"If you're black you are treated more harshly by the criminal justice system than if you're white.

"If you're a white working class boy you're less likely than anybody else in Britain to go to university.

"If you're at a state school you're less likely to reach the top professions than if you're educated privately.

"If you're a woman you will earn less than a man.

"If you suffer from mental health problems, there's not enough help to hand.

"If you're young you will find it harder than ever before to own your own home.

"But the mission to make Britain a country that works for everyone means more than fighting these injustices. If you're from an ordinary working class family, life is much harder than many people in Westminster realise."

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David Cameron formally resigns

David Cameron has formally resigned as prime minister in a private meeting with the Queen at Buckingham Palace.

The brief audience was due to be followed within minutes by the arrival of Theresa May to be appointed the UK's second female Prime Minister by "kissing hands" with the monarch.

The Queen's acceptance of Mr Cameron's resignation after six years in office came just minutes after he left 10 Downing Street for the last time as Prime Minister

Flanked by wife Samantha and children Nancy, Elwen and Florence outside the famous black door, Mr Cameron said that he believed he was leaving the country "much stronger" and the economy "immeasurably stronger" after his six years in office.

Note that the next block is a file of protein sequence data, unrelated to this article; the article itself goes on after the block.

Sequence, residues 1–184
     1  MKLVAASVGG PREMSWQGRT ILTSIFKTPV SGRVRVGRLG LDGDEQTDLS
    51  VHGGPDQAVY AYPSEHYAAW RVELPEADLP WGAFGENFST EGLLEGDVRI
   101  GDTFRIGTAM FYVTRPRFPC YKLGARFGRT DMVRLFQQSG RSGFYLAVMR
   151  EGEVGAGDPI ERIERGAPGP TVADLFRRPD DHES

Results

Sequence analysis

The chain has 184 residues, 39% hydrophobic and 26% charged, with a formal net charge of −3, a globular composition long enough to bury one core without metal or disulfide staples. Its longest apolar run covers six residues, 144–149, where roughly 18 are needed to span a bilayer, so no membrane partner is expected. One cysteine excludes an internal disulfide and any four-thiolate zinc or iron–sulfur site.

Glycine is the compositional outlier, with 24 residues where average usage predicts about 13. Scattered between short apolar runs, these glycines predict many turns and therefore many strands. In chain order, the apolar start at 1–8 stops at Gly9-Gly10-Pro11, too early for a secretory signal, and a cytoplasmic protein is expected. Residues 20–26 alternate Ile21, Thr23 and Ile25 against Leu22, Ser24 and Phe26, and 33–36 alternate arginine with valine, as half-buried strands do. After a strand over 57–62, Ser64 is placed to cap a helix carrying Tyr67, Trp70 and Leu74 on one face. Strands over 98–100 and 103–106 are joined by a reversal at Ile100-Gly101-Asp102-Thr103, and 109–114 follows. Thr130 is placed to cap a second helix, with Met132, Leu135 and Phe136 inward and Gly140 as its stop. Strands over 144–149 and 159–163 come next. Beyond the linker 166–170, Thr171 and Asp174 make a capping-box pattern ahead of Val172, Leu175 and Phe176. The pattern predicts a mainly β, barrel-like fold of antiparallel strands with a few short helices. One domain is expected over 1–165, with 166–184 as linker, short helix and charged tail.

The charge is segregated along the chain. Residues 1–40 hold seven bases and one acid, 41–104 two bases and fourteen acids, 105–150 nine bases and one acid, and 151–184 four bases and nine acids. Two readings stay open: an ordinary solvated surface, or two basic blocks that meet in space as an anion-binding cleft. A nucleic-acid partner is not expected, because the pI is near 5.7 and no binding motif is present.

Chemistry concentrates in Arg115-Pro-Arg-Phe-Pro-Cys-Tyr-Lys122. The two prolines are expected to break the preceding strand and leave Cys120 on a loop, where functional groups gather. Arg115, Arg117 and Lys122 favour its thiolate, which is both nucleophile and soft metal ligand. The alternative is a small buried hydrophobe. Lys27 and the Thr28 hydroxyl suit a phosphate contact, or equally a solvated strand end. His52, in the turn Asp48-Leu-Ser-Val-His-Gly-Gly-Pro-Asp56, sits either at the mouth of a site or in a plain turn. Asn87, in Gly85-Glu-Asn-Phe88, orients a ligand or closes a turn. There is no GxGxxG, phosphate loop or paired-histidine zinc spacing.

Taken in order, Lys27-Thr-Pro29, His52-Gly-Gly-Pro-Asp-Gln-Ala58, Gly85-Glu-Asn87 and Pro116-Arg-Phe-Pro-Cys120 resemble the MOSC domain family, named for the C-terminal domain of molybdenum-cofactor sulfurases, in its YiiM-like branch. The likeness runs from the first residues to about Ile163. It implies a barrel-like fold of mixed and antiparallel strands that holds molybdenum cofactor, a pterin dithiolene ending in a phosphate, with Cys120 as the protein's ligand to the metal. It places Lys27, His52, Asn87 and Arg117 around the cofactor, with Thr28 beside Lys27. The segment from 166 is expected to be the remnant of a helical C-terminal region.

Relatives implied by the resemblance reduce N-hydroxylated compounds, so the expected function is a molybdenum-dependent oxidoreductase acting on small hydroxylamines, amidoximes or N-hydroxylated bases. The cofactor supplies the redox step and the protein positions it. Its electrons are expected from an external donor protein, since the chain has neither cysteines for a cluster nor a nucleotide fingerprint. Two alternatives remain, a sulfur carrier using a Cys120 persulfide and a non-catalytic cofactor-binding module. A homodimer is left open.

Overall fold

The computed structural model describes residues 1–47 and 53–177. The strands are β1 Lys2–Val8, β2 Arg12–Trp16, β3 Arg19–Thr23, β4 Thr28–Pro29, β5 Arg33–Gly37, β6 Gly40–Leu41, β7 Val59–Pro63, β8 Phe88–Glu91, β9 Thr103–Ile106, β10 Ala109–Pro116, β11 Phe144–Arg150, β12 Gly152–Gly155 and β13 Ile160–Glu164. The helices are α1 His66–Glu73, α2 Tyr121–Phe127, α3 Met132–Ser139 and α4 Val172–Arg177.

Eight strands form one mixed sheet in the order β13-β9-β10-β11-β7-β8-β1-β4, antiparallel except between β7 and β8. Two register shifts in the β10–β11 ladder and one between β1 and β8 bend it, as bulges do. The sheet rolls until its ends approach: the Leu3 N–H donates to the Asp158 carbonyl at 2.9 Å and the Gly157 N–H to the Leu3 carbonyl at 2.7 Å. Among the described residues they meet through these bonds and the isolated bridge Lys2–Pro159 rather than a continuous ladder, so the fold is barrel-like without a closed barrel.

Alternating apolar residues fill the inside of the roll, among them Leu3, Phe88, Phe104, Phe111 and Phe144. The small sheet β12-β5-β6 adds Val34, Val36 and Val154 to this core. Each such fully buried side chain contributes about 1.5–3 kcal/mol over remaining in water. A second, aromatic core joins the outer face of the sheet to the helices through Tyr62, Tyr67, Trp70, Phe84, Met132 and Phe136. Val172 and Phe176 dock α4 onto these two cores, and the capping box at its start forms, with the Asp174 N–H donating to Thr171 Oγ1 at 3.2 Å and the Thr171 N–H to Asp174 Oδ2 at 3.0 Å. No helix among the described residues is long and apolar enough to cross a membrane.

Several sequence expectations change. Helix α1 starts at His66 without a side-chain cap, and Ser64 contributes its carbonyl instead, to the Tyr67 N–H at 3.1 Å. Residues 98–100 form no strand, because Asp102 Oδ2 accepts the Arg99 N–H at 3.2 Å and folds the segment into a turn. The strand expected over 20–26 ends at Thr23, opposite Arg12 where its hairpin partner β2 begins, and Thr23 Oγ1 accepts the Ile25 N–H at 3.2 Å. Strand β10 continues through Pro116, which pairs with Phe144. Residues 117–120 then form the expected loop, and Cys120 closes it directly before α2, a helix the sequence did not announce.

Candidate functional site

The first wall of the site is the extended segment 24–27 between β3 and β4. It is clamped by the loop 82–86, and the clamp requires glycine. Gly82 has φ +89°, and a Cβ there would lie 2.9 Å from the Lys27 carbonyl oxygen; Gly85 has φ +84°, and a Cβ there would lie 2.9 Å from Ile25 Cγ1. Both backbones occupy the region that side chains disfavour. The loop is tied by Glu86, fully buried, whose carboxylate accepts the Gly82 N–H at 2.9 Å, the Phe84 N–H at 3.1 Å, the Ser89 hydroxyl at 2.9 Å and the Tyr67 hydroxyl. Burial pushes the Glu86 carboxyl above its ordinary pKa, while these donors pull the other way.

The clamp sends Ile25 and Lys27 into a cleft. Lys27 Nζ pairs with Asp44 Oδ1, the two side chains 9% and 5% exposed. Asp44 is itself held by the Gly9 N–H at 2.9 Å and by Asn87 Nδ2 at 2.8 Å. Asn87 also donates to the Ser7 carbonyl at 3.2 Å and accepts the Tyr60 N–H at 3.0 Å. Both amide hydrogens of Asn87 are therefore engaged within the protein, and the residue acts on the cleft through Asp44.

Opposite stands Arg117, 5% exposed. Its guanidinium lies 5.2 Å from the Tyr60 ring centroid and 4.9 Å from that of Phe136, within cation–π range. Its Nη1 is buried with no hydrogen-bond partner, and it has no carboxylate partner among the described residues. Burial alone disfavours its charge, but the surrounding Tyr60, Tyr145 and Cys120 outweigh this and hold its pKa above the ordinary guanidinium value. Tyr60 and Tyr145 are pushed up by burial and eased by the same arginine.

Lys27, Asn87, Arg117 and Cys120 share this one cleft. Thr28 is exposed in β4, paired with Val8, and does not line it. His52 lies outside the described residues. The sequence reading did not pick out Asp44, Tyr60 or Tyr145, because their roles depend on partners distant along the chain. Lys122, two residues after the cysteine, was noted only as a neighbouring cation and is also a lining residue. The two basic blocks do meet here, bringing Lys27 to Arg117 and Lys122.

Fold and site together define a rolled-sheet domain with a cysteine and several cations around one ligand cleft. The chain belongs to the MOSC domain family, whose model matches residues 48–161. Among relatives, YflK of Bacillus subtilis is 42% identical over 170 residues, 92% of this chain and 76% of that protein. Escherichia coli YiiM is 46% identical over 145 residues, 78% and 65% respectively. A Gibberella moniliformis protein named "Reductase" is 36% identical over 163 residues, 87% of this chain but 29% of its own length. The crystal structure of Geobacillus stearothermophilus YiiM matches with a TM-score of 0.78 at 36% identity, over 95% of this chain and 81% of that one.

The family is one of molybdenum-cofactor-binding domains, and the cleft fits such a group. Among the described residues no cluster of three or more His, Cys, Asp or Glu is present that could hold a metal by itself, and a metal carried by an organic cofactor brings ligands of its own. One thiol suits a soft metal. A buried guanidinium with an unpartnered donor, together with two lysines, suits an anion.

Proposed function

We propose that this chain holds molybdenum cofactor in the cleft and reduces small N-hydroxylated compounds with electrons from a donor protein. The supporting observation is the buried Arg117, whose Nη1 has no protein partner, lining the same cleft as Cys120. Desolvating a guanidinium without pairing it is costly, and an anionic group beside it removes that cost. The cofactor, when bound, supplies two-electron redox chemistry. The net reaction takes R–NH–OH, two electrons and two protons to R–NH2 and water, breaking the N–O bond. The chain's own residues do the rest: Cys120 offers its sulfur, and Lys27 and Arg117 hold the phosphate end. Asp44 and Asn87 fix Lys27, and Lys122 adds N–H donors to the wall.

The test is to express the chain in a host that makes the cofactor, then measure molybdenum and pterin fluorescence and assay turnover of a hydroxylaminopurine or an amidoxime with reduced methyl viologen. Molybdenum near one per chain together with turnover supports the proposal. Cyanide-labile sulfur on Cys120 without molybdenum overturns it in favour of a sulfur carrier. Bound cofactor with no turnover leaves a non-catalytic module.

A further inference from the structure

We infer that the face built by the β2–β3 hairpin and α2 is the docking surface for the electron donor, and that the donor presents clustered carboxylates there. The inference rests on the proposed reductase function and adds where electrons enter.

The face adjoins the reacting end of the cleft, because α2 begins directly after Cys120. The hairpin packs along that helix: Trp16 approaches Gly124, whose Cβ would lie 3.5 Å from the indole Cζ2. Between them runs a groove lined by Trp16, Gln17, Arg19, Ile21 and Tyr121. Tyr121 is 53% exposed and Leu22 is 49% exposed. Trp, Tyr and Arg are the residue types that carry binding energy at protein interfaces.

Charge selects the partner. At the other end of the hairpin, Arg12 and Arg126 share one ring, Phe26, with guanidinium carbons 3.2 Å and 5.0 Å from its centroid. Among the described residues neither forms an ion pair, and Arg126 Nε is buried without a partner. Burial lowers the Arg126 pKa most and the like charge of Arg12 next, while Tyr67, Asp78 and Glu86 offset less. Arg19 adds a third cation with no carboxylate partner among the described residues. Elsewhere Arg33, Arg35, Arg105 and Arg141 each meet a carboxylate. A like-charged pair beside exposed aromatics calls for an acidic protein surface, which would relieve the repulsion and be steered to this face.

In a clear bid to define the legacy that he will leave behind him, he spoke of his pride at reducing the deficit, introducing gay marriage, increasing international aid spending and cutting waits for NHS treatment

And he paid tribute to his wife Samantha, who he described as "the love of my life" who had "kept me vaguely sane".

Mr Cameron said he was "delighted that for the second time in British history the new Prime Minister will be a woman, and once again a Conservative".

And he said Mrs May would provide "strong and stable leadership in delivering the Conservative manifesto on which we were elected" and wished her well in negotiating the withdrawal from the EU which voters backed in last month's referendum.

Mr Cameron concluded: "It has been the greatest honour of my life to serve our country as Prime Minister over these last six years and to serve as leader of my party over 11 years.

"And as we leave for the last time, my only wish is continued success for this great country that I love so very much."

David Cameron signs off as Prime Minister, urges Theresa May to keep UK 'as close to EU as we can'

David Cameron signed off as Prime Minister with advice for successor Theresa May that the UK should stay "as close to the European Union as we can".

After being forced out of the premiership by last month's referendum vote to quit the EU, Mr Cameron won a standing ovation from Conservative MPs as he ended his last session of Prime Minister's Questions in the House of Commons by telling them: "I was the future once."